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In 2004, FAA issued a final rule that revised the Federal airport certification regulation [Title 14, Code of Federal Regulations (CFR), Part 139 (14 CFR Part 139] and established certification requirements for airports serving scheduled air carrier operations in aircraft designed for more than 9 passenger seats but less than 31 passenger seats. In addition, this final rule amended a section of an air carrier operation regulation (14 CFR Part 121) so it would conform with changes to airport certification requirements. The revised Federal airport certification requirements went into effect on June 9, 2004.
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The American Rescue Plan Act of 2021 (H.R. 1319, Public Law 117-2), signed into law by the President on March 11, 2021, includes $8 billion in funds to be awarded as economic assistance to eligible U.S. airports to prevent, prepare for, and respond to the coronavirus disease 2019 (COVID-19) pandemic.
To distribute these funds, the FAA has established the Airport Rescue Grants. The FAA will make grants to all airports that are part of the national airport system, including all commercial service airports, all reliever airports, and some public-owned general aviation airports.
Residents of the Town of Islip are eligible to purchase a Resident Parking Permit via mail only. Proper proof of residency is required to purchase the permit, and permit holders are able to park in 6, 6A or 6B, the designated Town Resident Parking Lots. To download a copy of the form, or for more information, please click the link below.
On March 25, New York Gov. Andrew M. Cuomo signed the Healthy Terminals Act, which among other things, provides that covered airport workers will be paid no less than the prevailing wage rate and a "standard benefits supplement rate" of at least $4.54 per hour towards the cost of "minimum essential coverage" under an employer-sponsored benefits plan.
The employer must also enroll each covered airport employee in an employer-sponsored health insurance plan. Beginning July 1, the commissioner may begin investigating violations of the law; effective immediately, however, the commissioner "may request documents or the preservation of documents relative to payroll and employee health plans to determine the applicable standards for full- and part-time work."
The Healthy Terminals Act in both states is quite expansive in that it covers many individuals involved in airport operations. The laws for each state apply to covered airport workers who spend at least one-half of their workweek at a covered location. For example, in New York, a "covered airport worker" is defined as a person employed to perform work at JFK or LaGuardia, who provides cleaning services (including building, warehouse, terminal, aircraft, and cabin cleaning), security services, baggage handling, catering, and airport retail and lounge services.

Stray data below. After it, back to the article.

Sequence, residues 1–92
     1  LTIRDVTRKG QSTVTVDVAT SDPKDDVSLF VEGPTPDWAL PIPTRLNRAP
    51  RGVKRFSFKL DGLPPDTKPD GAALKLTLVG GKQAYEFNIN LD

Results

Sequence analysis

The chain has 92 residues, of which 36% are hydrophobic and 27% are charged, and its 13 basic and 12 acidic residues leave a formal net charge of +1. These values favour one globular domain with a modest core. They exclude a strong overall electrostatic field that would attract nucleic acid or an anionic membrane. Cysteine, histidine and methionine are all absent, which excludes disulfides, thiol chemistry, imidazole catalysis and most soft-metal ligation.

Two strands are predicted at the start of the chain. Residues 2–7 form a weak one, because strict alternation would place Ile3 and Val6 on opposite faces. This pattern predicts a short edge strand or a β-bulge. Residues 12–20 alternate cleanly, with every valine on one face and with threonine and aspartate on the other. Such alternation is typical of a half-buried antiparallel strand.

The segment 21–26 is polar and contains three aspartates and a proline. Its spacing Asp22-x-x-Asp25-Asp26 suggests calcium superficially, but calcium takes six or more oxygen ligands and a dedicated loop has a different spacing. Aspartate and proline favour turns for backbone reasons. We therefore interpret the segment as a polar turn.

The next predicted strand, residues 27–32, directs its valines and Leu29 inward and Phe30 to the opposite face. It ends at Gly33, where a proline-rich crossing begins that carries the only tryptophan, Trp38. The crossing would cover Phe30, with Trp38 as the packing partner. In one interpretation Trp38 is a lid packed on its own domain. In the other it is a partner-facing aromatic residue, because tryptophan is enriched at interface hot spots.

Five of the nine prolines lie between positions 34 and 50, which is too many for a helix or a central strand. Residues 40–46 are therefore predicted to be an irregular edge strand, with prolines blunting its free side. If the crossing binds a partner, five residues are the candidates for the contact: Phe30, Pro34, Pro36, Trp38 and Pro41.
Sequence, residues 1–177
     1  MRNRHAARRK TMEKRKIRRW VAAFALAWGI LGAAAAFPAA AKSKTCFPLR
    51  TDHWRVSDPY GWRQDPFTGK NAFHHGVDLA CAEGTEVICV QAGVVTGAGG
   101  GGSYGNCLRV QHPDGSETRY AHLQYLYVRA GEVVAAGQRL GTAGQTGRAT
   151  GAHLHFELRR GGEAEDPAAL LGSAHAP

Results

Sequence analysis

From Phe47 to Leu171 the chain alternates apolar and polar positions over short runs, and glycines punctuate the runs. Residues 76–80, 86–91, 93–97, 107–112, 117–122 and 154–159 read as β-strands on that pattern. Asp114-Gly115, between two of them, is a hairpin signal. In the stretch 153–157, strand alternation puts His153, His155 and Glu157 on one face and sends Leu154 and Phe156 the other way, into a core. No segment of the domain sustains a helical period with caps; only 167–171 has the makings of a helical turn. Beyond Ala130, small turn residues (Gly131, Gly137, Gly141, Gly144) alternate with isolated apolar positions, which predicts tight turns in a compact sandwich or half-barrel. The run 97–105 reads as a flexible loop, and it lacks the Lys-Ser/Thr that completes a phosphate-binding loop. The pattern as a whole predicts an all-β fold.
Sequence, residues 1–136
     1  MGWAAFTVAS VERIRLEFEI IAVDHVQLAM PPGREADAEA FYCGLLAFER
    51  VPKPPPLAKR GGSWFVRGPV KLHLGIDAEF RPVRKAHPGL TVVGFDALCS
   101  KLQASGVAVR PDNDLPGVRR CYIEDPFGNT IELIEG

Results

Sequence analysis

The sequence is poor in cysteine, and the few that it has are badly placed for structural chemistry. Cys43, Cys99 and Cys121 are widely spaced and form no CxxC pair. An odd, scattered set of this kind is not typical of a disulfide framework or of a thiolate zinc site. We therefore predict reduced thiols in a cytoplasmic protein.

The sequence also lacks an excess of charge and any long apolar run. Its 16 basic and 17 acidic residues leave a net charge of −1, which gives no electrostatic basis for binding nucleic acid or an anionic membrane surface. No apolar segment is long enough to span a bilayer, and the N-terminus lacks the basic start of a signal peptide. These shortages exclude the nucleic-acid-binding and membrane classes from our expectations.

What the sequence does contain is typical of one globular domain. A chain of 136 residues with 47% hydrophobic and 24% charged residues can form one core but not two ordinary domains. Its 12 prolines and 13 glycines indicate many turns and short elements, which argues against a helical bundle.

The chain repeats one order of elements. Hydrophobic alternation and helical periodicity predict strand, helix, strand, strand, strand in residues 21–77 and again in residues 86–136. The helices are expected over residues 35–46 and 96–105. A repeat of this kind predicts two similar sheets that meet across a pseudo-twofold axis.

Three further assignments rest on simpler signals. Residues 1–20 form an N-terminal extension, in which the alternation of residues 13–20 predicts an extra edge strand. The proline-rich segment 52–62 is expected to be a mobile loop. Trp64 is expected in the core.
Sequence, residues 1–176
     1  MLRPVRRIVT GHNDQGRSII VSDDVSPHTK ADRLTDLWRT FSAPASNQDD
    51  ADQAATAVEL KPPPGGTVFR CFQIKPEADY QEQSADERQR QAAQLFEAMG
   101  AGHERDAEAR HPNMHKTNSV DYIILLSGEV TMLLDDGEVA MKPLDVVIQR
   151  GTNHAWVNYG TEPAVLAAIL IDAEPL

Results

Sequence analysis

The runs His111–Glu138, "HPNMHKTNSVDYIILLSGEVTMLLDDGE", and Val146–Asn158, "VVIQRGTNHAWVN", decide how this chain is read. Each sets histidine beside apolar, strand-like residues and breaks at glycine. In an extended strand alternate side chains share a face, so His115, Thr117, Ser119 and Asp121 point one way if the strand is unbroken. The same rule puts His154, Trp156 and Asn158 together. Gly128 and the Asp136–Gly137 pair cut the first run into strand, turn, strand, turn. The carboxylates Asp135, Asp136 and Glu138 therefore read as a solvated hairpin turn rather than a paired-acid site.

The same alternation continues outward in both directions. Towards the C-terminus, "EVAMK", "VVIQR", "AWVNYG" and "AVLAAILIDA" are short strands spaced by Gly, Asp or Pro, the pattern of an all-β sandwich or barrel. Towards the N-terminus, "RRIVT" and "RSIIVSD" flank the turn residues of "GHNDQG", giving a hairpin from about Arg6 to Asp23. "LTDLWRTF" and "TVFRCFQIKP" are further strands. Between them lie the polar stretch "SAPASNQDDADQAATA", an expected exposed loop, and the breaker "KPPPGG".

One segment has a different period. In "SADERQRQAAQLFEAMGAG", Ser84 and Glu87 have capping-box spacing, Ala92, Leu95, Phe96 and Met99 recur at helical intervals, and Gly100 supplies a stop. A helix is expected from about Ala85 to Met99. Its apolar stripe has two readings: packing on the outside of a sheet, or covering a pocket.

In New Jersey, a "covered airport worker or related location worker" means any person who performs work "at a covered airport or related location" or "performs work related to the preparation or delivery of food for consumption on airplanes departing from" Newark Liberty International Airport and the Newark Liberty International Train Station.
New York has also adopted a certification requirement that requires covered employers to submit a sworn statement certifying the total number of workers employed at a covered airport location who perform cleaning and related services, security-related services, in-terminal and passenger handling services, airline catering, or airport lounge services, at a covered airport location on Dec. 30, 2020. Furthermore, the sworn certification must calculate 80 percent of the total number of the covered employees as of Dec. 30, 2020, which becomes a "benchmark" for that employer.
The sworn certification must contain a statement that affirms that the covered employer will ensure that the number of covered airport workers it employs at a covered airport location between July 1, 2021 and Dec. 31, 2022 will not fall below the benchmark. In contrast, New Jersey's law does not have a benchmark or certification requirement.
While the overall purpose of the law for each state is similar, there are some noteworthy differences. In New York, the industrial commissioner is vested with the authority to bring any legal action, including an administrative action, on behalf of employees who are not paid proper wages. In New Jersey, however, employees have the right to recover in a civil action the full amount of the prevailing wage for building services and covered airport or related location workers less any amount actually paid to the worker by the employer together with any fees.
With respect to investigations, in New Jersey the commissioner appears to possess sole authority and discretion to launch an investigation "and ascertain the wages of any employees of a contractor or subcontractor furnishing building services for any property or premises owned or leased by the state, or of any covered airport or related location workers." However, in New York, the commissioner may investigate "[u]pon a showing by an employee organization." Thus, New York has seemingly granted unions broad power to seek support from the state whenever it believes there is any wrongdoing by an employer.
Given the purview of the Healthy Terminals Act in both New York and New Jersey, employers with airport operations must understand how these laws will affect them. Employers should continue to monitor any supporting regulations that are released to provide further guidance on each state's law.